I think one of the most empowering and therapeutic things I’ve found in regards to fear is the practice of naming my doubts and fears aloud. Throw open the windows. Air them out. Let your fears see the light of day.
What are some of my writing fears? In no particular order:
- That my prose isn’t good enough to really capture my ideas
- That only foolish people pursue writing like this, so I must be a foolish person
- That everything has been done before so I shouldn’t try
- That I’ll pour my heart and soul into a project that nobody will care about
- That I’m a disappointment to my friends and family who secretly I was a 9-5, businessperson, white-picket-fence type rather than an entrepreneurial, creative, traveler-type.
- That I’ve already let my fears ruin my writing life to the point where it’s too late to start again
- That there’s no real point to getting my hopes up of becoming a real writer, so I should give up
It’s kind of intimidating to write (and publicly share) something like that. But it also feels wildly refreshing to get those doubts off my chest. And even reading some of those to myself after they’ve been written helps me realize how unlikely and dramatic some of those are, even though they feel real in my mind.
Aim for rejections
At first this reads as crap advice, but when I say to aim for rejections I don’t mean to sabotage yourself or write badly on purpose.
Rather, I read this article recently on how writers should aim for 100 rejections a year. Why? There are a few reasons, but among them are that becoming hyper-focused on producing one “perfect” piece of art will inhibit your creativity more than the practice of putting out a greater amount of average art.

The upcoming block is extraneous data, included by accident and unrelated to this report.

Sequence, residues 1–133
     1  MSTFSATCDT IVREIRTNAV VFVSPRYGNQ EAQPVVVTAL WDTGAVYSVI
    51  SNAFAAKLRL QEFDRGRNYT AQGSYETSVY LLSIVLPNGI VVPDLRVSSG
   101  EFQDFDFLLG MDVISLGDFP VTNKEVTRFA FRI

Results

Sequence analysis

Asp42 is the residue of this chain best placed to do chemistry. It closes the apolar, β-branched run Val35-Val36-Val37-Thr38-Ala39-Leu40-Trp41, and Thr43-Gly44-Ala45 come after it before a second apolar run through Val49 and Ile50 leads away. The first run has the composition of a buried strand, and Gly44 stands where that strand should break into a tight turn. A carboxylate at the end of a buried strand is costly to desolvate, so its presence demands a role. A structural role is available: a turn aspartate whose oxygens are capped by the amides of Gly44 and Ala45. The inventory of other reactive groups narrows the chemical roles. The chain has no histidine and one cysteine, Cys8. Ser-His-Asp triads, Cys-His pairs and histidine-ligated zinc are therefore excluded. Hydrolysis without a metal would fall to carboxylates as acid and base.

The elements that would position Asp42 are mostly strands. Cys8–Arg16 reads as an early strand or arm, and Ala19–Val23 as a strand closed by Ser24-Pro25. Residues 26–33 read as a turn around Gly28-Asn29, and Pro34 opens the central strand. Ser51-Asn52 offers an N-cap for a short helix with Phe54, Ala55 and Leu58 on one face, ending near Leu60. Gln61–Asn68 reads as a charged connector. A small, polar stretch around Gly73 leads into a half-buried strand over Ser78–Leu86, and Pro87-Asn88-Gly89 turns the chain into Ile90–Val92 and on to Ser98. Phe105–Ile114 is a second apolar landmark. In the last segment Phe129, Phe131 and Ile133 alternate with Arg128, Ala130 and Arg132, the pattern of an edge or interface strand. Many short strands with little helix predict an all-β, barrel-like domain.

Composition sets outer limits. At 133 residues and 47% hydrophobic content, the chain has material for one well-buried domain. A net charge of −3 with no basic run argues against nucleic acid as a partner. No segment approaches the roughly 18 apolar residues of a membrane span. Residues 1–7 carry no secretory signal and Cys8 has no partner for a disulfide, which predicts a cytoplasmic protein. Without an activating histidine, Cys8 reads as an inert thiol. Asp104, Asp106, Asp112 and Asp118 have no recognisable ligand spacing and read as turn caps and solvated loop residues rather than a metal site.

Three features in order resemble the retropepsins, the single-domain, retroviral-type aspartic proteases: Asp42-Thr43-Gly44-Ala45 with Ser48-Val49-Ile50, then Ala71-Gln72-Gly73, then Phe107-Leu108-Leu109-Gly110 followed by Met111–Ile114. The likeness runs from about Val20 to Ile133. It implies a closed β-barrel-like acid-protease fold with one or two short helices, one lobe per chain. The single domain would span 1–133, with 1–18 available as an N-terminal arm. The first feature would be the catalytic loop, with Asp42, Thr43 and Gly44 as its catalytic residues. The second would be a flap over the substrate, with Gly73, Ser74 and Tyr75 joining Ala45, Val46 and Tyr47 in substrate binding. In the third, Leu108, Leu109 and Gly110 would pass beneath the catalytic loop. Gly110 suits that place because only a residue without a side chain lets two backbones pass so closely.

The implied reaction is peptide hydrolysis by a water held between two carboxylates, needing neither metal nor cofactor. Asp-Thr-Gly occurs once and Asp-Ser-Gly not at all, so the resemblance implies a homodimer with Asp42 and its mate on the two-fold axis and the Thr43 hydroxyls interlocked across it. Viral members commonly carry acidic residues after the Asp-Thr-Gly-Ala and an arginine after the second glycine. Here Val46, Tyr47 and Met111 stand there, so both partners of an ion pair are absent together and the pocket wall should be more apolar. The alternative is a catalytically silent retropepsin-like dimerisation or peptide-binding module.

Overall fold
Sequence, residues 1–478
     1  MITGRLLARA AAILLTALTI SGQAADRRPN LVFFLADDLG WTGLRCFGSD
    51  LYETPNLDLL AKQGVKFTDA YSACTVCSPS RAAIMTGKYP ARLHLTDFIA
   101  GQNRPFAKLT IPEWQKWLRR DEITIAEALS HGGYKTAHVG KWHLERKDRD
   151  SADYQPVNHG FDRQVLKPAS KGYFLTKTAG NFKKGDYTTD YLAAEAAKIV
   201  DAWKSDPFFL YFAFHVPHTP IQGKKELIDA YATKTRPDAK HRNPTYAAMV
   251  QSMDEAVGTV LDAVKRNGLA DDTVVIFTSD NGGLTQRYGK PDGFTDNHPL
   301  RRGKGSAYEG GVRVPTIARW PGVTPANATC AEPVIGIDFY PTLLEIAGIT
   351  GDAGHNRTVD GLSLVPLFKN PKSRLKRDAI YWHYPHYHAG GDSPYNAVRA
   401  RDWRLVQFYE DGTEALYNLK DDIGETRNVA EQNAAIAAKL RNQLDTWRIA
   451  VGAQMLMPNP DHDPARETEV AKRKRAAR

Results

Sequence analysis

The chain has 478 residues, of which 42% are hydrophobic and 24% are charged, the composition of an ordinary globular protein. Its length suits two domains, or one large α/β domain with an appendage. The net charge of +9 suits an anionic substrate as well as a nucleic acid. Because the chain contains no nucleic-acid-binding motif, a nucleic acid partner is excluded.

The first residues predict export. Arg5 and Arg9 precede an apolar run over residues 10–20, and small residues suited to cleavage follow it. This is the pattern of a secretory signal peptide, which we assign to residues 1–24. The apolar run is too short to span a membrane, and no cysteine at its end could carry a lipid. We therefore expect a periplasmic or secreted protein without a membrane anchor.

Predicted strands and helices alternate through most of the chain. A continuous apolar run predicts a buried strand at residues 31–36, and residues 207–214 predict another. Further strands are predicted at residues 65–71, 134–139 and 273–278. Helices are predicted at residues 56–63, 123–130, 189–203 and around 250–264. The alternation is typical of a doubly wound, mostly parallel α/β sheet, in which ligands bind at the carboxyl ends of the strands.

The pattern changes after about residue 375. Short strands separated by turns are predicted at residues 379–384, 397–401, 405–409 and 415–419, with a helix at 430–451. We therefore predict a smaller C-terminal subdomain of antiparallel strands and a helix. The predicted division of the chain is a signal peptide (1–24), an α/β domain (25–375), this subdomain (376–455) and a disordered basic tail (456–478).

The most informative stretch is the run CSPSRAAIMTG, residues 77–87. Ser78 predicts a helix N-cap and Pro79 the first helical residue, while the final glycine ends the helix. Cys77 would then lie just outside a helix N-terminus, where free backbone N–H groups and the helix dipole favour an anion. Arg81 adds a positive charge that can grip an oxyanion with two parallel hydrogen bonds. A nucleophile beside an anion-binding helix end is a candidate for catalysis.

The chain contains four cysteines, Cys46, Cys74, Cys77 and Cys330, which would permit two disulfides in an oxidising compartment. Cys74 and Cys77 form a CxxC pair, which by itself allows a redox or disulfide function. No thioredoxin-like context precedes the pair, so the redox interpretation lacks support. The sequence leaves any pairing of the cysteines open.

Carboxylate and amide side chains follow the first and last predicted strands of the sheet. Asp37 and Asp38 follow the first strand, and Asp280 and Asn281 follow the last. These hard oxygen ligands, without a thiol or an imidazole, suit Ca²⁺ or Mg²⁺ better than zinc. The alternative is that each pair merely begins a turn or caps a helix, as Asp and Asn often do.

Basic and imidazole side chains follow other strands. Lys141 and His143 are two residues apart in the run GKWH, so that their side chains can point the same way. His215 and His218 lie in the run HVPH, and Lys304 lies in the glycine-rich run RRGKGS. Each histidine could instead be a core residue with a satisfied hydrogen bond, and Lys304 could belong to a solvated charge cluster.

Additionally, the repeated exposure to being rejected will make it seem more normal and easier to bear.
Got some wacky ideas for blog posts? Write them! Even if a lot of people don’t like them, you’re getting practice at writing and practice being exposed to the inevitable people who won’t like your work. It’s a much better way to spend your time than trying to craft one perfect post that will please everybody.
Working on sending out your manuscript to literary agents? Send away! Learn from what they have to say and get better and better at querying as you go along.
Have rejection goals to increase your productivity, break the perfectionist anxiety, and learn to take it in stride when others don’t like you.
Think of the end
As in, your end.
As in, death.
I know, I know, talking about death is uncomfortable and we’d all rather ignore its inevitability. But it is inevitable, whether you like it or not, which means that none of us have a whole lot of time to agonize over whether or not we should pursue the things we really want to do.
At the end of it all, I’m going to be gone. And I have a sneaking suspicion that when I’m nearing my last breath I won’t be filled with regret over the chances I took to pursue my dreams.
In the course of a lifetime, the things that make us uncomfortable on a daily basis don’t really matter. The fears and anxieties and doubts will all fade away into distant memory.
But what will matter in the course of a lifetime, to quote the lovely Mary Oliver, is what you choose to do with your one wild and precious life.
What creative dreams do you have for your own life? What fears or doubts get in the way of that?